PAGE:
Iron from animal-based sources (what is known as heme iron) is more easily absorbed, but plant-based sources also offer benefits.
Preparing and Roasting the Seeds
After taking the time to carefully scrape out your newly-harvested pumpkin, you don’t want to let all of that hard work go to waste! Luckily, preparing the seeds for eating is very simple.
To roast them, start by separating them from the stringy flesh with your hands. Let the seeds soak in some water to remove any remaining bits of flesh, and then rinse and drain in a colander.
The flesh is safe to eat, so if some small pieces remain it’s not a big deal.
While you’re doing this prep work, preheat your oven to 275°F.
When they are clean, toss them lightly with oil, and some salt if desired. Sodium is part of a healthy diet, but keep in mind that the recommended daily intake is 1,500 milligrams.
You can get creative and add a variety of seasonings of your choice instead, like herbs and spices, if you want to cut back on added sodium!
Finally, spread your seeds out evenly on a baking sheet and bake for 40-45 minutes, mixing them halfway through to promote even cooking.
You’ll know that they’re done when they’re golden brown. Be sure to keep an eye on them to prevent burning!
For more detailed instructions and a variety of suggested seasoning options, check out this recipe from our sister site, Foodal.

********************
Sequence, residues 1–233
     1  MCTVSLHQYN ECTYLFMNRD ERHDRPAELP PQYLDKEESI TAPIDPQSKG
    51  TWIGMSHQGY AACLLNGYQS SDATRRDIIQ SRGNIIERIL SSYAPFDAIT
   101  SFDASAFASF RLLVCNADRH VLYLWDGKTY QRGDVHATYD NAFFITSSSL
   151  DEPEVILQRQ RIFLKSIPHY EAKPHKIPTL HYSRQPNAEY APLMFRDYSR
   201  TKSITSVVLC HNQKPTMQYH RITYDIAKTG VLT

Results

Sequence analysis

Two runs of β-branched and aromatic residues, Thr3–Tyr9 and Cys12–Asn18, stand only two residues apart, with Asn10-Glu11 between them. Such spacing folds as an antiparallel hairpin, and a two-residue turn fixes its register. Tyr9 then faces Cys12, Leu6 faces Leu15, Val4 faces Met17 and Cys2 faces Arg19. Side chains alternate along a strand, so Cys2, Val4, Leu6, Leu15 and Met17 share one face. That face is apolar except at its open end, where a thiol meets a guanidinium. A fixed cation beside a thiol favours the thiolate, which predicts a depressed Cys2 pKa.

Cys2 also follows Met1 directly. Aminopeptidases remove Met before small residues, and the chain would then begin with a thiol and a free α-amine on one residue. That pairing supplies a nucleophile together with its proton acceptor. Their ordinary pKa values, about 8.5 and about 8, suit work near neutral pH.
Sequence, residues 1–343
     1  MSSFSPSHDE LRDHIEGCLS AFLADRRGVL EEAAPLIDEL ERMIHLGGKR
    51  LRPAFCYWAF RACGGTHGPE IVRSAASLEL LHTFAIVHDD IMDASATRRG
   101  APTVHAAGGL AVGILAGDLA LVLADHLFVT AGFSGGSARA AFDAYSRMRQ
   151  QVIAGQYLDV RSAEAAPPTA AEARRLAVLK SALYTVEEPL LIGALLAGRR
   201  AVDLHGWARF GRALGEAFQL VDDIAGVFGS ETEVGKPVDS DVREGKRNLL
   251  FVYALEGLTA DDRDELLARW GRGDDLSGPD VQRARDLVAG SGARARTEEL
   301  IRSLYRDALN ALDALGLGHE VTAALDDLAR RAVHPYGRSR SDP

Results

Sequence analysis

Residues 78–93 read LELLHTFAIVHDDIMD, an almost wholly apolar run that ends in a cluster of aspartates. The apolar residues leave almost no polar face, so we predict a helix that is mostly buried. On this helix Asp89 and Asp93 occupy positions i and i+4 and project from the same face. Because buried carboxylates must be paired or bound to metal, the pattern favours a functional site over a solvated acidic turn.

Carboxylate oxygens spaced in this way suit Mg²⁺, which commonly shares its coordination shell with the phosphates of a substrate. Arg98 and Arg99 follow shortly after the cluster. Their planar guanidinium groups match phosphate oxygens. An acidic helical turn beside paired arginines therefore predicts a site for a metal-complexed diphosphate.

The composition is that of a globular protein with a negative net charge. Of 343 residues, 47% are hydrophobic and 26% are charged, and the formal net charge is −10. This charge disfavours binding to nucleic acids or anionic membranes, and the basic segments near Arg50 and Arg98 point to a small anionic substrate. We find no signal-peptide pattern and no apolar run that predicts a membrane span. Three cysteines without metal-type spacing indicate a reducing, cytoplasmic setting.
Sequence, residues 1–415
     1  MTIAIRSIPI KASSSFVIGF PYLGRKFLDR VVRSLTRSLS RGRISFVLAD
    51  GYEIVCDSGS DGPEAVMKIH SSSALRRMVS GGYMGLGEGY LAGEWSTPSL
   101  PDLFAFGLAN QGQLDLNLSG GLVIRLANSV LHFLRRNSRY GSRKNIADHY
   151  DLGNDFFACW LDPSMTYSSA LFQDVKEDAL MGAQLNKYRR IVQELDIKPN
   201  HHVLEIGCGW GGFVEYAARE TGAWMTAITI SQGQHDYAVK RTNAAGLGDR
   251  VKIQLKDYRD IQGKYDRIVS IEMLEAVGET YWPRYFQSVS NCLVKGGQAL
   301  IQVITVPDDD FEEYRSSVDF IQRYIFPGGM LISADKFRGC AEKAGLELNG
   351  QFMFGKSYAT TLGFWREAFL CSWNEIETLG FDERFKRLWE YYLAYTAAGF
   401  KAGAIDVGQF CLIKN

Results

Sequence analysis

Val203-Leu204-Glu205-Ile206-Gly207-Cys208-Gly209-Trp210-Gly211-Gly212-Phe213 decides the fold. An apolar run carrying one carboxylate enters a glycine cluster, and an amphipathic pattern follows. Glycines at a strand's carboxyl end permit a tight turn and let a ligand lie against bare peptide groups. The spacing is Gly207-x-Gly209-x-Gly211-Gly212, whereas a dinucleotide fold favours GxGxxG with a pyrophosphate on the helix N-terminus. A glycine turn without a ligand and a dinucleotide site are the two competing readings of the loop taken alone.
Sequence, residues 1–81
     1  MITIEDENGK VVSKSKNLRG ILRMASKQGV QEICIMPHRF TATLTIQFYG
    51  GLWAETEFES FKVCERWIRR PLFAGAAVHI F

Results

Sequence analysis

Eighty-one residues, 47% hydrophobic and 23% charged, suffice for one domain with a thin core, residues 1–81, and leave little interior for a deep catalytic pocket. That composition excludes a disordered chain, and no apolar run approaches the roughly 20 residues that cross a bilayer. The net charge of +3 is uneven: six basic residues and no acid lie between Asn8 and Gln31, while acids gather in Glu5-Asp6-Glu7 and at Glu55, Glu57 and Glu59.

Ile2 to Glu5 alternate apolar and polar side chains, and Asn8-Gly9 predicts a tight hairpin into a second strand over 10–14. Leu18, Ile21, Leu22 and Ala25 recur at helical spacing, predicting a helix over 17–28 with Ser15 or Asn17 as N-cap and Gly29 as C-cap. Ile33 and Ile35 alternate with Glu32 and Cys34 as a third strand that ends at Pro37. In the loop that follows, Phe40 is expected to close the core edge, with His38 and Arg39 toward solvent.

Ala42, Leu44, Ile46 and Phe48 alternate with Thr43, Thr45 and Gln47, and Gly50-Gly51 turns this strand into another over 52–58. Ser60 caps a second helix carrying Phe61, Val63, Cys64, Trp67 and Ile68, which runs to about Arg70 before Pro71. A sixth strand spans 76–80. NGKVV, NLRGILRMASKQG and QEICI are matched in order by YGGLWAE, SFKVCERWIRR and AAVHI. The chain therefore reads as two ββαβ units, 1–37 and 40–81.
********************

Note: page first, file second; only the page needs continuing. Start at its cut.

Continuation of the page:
Once they have cooled, it’s time to eat!
For such a tiny food, these seeds offer a tremendous amount of benefit in terms of our health.
Not only can you reduce your pumpkin waste by eating the seeds, you can create an easy, filling, and nutritious snack right in your own oven!
Eat these on their own, or try sprinkling them on top of a salad for a unique crunch.
Do you save your seeds when you’re working with fresh pumpkins? Leave a comment to let me know your favorite way to prepare pumpkin seeds!
For more information about growing pumpkins and selecting cultivars, try one of these articles next:
- 11 of the Best Pumpkin Varieties for Cooking
- How to Grow Your Own Pumpkins
- 11 of the Best Pumpkins to Grow for Pies, Puree, and Other Treats
© Ask the Experts, LLC. ALL RIGHTS RESERVED. See our TOS for more details. Product photo via Burpee. Uncredited photos: Shutterstock.
The contents of this article have been reviewed and verified by a registered dietitian for informational purposes only. This article should not be construed as personalized or professional medical advice. Gardener’s Path and Ask the Experts, LLC assume no liability for the use or misuse of the material presented above. Always consult with a medical professional before changing your diet, or using supplements or manufactured or natural medications.
About Tori Vallana, RD, LDN
Tori Vallana is a registered dietitian with a passion for making food and nutrition simple. She holds an associate’s degree in baking and pastry arts as well as a bachelor’s degree in nutrition and dietetics. Tori loves perusing her local farmers market to find high-quality produce and encourages her patients to do the same!